Terahertz radiation fits into the electromagnetic spectrum between infrared waves and microwaves and can be used for all manner of extraordinary things. One application is medical imaging–terahertz waves can penetrate a short distance beneath the skin and so spot tumors. Another use is surveillance–terahertz waves pass through most types of clothing, allowing “intimate” body searches at a distance. Terahertz radiation also shows promise for real-time spectroscopy–molecules can be identified by the way they reflect short pulses of terahertz waves.
So how best to create and detect terahertz waves? We’ll leave the creation aside and talk in this post about detecting terahertz waves for real-time video images.
That’s been a tough nut to crack until recently. The current state of the art is to use an array of microbolometer pixels, consisting of tiny slabs of vanadium oxide that change their resistance when hit by infrared photons and heat up. Although designed for infrared up to wavelengths of 14 micrometers, these devices have a residual sensitivity at terahertz frequencies, and in the last couple of years, they’ve been used to make terahertz videos.
But a new kid on the block is set to take the microbolometer’s crown. In the early 1990s, Michel Dyakonov at the University of Montpellier in France and a pal calculated that a sufficiently small field-effect transistor ought to be able to produce and detect terahertz radiation.
The idea is that if a transistor is small enough, the electrons in the channel between its source and drain can be thought of as a 2-D plasma. And if the properties of this channel are tuned just right, the plasma can resonate when hit by terahertz waves. This, in turn, influences the current passing through the channel and allows the terahertz waves to be detected.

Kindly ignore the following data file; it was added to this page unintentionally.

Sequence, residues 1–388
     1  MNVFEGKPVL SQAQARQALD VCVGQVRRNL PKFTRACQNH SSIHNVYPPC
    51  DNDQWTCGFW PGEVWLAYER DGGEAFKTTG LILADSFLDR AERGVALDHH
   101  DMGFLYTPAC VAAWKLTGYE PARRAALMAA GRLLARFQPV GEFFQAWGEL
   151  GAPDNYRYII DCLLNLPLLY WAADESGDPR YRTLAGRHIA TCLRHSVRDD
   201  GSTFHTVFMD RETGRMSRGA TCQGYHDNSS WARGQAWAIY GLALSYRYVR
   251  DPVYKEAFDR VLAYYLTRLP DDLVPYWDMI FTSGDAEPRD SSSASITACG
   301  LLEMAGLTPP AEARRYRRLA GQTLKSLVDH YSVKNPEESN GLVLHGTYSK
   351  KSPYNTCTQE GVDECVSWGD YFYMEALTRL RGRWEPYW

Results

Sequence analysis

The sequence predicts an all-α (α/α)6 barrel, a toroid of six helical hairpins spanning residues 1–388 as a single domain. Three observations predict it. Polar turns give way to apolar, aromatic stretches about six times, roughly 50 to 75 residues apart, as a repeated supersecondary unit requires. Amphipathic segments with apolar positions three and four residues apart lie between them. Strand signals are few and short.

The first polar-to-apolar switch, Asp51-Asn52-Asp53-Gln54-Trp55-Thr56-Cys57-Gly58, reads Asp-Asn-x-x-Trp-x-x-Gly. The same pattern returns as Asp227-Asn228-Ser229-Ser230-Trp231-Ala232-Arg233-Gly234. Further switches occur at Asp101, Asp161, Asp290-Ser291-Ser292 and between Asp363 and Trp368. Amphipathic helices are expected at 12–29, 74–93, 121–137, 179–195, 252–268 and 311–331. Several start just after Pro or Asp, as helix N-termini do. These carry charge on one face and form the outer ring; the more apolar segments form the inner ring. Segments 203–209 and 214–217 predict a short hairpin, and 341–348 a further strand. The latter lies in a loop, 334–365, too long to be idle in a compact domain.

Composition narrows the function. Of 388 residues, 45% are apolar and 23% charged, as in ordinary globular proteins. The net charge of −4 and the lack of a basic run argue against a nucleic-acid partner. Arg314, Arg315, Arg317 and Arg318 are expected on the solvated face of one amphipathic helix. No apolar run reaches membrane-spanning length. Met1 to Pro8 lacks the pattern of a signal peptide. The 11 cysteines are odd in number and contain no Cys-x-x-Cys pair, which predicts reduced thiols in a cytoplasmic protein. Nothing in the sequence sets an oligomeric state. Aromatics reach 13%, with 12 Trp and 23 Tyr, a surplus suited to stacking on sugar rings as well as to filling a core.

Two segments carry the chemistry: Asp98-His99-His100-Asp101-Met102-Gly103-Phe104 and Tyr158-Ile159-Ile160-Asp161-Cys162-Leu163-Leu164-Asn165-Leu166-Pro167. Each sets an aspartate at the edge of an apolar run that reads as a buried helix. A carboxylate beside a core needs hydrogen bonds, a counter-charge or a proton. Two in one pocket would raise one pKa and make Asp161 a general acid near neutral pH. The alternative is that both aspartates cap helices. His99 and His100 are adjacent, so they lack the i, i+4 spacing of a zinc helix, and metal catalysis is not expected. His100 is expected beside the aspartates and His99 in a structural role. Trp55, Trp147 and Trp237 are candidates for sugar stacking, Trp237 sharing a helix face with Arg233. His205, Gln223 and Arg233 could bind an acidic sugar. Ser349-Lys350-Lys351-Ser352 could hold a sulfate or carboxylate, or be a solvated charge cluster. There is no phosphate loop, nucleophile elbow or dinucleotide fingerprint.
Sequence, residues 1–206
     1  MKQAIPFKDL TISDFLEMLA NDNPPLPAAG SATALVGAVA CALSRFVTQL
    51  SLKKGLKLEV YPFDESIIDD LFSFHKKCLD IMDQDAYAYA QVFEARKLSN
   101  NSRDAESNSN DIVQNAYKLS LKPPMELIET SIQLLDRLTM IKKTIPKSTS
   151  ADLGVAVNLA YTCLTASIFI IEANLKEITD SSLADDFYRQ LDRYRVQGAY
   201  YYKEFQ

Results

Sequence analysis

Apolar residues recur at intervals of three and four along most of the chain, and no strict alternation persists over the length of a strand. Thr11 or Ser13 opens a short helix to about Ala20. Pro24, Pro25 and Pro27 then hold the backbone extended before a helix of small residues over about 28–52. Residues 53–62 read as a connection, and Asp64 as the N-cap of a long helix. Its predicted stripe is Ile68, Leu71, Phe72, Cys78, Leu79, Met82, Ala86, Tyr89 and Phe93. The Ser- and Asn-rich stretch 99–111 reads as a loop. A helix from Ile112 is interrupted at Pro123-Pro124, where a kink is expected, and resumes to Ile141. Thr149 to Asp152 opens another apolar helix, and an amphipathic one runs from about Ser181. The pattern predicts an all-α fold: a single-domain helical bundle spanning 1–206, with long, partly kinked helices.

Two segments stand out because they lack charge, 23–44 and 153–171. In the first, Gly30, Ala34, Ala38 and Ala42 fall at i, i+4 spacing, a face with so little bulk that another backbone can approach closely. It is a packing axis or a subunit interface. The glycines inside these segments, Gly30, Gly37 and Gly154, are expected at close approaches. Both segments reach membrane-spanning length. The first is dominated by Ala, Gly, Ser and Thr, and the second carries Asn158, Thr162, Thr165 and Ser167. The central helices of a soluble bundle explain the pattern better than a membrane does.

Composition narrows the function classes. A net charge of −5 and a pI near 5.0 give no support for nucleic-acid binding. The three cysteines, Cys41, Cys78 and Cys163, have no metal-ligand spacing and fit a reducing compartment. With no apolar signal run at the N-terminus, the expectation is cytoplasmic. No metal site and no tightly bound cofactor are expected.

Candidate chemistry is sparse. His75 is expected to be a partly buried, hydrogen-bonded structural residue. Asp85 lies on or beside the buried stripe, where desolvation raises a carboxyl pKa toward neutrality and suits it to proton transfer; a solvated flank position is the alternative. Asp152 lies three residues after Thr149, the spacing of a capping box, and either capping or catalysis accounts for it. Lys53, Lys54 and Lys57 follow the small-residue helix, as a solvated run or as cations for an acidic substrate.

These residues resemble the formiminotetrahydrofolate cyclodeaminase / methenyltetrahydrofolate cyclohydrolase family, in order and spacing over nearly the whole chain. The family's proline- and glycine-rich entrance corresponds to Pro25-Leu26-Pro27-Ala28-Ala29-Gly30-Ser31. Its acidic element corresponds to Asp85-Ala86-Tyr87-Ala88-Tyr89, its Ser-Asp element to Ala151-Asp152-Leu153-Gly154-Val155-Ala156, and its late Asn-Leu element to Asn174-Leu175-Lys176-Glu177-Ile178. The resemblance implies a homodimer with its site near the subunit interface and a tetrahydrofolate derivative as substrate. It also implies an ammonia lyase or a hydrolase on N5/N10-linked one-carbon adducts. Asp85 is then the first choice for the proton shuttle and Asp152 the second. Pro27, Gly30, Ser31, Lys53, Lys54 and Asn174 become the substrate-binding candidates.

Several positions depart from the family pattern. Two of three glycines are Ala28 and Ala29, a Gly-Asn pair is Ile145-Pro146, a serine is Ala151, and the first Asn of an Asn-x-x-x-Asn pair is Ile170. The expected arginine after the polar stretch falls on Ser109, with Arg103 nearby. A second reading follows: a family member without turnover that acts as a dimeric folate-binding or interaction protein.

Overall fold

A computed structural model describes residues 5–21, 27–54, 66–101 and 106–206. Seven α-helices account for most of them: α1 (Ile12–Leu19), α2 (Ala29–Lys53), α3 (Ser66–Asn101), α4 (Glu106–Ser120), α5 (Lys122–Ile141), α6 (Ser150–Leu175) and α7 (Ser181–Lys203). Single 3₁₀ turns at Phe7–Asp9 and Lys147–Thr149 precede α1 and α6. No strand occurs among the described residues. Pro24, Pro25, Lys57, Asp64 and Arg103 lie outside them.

Of course, the size of these transistors is measured in nanometers, which is why it’s taken so long to actually build them.
However, Dyakonov is now part of a group that has not only built transistors that detect terahertz waves, but also created the first images with them (see above).
That’s impressive for several reasons. First, these transistors detect terahertz waves at room temperature (although nobody is quite sure how–something that will have to be worked out before scientists will want to use them). Second, the read-out rate is good enough for video. And finally, the transistors can be built into arrays using standard silicon CMOS (complementary metal-oxide-semiconductor) technology, which means they have the potential to be as cheap as conventional video cameras.
Dyakonov and his colleagues say “the experimental and theoretical results clearly indicate that nanometer transistors are promising candidates for a new class of efficient terahertz detector.”
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